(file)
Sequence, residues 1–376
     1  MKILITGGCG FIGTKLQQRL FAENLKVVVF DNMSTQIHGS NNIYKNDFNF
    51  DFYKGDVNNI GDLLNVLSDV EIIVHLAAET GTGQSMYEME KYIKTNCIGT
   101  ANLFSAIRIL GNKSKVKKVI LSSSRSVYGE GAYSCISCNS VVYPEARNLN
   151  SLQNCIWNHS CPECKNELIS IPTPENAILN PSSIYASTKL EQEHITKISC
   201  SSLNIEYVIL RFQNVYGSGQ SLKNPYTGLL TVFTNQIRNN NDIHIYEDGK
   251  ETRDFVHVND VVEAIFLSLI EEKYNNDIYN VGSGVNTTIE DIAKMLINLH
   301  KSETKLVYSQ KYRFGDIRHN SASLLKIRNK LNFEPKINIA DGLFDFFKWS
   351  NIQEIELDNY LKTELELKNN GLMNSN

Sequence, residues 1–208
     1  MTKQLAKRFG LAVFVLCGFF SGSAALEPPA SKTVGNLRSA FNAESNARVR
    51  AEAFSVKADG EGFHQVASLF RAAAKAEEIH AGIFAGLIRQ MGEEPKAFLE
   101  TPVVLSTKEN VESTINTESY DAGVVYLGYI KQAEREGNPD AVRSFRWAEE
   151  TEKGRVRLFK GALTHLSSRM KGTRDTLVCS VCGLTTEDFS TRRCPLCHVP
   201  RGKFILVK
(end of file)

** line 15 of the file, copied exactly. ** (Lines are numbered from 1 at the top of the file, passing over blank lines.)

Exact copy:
   201  RGKFILVK